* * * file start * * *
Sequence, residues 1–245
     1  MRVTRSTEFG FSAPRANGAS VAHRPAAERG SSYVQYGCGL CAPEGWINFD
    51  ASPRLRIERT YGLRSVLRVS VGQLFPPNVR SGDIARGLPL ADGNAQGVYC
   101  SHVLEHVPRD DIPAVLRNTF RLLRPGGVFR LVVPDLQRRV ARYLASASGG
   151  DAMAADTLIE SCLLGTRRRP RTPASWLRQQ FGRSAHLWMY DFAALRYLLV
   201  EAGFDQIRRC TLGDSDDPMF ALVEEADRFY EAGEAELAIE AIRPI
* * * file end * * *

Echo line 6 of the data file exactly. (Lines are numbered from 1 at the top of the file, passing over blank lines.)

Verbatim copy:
   201  EAGFDQIRRC TLGDSDDPMF ALVEEADRFY EAGEAELAIE AIRPI